A growing number of United States cities are expanding and touting their mobile infrastructure and mobile-oriented businesses to lure new businesses and workers.
In Atlanta, which seeks to become the world’s premier mobility hub, AT&T has opened its 5,000 square-foot Drive Studio for developing automotive connectivity. Cleveland, Pittsburgh, St. Louis, Nashville and Louisville also have made investments or launched initiatives aimed at creating mobile ecosystems.
“It definitely helps to attract businesses and people if you have the mobile infrastructure and support of high-tech companies,” said Michael Zeto, director of corporate development, mergers and acquisitions, with AT&T Mobility, and co-chair of the Metro Atlanta Chamber’s mobility task force.
“The high-tech companies will bring high-tech workers, and we’ve seen this trend in Atlanta,” he said. “With major companies like AT&T, Panasonic, NCR and others expanding their operations in recent years, we have seen an uptick in high-paying, high quality technology and mobility jobs.”
The perception is growing that mobile know-how can be a big asset in attracting foreign direct investment and a highly skilled workforce to a city.
Using mobile as a marketing angle continues a brand-building trend begun during the Klondike Gold Rush of the late 19th century, when Seattle faced off with Portland, OR and Victoria, British Columbia over which city was better suited to supply Alaska-bound gold prospectors with gear. But branding a destination is different from branding a product or a company.
The trick is to find basic truths that a city’s members and groups share: unique stories, habits, promises, smells, and dreams, according to Jason Little, creative director of Landor, who worked on the rebranding of Melbourne, Australia.
Strong city branding depends on more than just a mobile angle.
“Strong city brands are the result of a combination of factors,” said Inga Howell of London-based Saffron Brand Consultants. “Using any kind of technology, even if it is as broad as mobile, as a key differentiator for a place brand puts an expiry date on the differentiation it hopes to achieve.
“Other cities will be able to copy and improve technology eventually," she said. "A strong city brand will therefore have elements that aren't replicable – emotional factors such as Paris being the city of love or London being a 'creative' city.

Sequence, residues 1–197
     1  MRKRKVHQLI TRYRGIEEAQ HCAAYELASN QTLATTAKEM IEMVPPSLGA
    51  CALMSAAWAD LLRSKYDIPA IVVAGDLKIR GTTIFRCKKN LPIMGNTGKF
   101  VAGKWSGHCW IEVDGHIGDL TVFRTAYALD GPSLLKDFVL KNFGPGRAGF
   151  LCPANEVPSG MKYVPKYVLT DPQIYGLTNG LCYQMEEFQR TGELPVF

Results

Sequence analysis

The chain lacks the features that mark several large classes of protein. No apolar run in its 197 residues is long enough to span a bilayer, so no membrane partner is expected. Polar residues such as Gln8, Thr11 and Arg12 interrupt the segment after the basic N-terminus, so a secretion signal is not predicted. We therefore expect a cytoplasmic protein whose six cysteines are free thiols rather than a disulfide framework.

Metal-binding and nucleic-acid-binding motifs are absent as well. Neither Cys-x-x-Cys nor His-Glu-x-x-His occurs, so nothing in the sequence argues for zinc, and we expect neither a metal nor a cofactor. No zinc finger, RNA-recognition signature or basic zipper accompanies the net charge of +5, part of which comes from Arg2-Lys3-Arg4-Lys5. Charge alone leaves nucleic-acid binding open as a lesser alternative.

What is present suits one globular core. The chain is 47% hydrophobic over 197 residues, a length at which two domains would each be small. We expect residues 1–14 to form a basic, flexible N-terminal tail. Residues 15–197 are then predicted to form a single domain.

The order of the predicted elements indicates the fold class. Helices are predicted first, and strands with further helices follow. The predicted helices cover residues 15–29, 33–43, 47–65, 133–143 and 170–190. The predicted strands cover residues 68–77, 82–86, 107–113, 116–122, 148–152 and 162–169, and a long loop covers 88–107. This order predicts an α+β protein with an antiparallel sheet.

“So, together with good ratings in business and leisure infrastructure, having a strong community of mobile-oriented businesses based on a solid mobile infrastructure should help attract foreign direct investment and a highly skilled workforce.”
In the years ahead, mobile payments and ticketing are identified as major opportunities for mobile operators to pursue in cities globally, according to a recent Accenture report, “Smart Mobile Cities: Opportunities for Mobile Operators to Deliver Intelligent Cities.”
Those services combine the largest benefit with the greatest ease of implementation, and are therefore most applicable opportunities for near-term, large-scale pilots, according to the report. The report encourages operators to persuade mayors and city governance bodies to help with the delivery of the needed infrastructure.
Atlanta is an example of a city that is meeting the mobile-branding challenge.
The city’s Mobility Task Force had a major presence at GSMA’s Mobile World Congress in Barcelona this past year talking about Atlanta’s strengths as a smart city for mobility. The event presented by the GSM Association – an association of mobile operators and related companies devoted to supporting the standardizing, deployment and promotion of the GSM mobile telephone system – is the largest signature event for the mobility industry, with more than 80,000 attendees representing all the major carriers from across the world.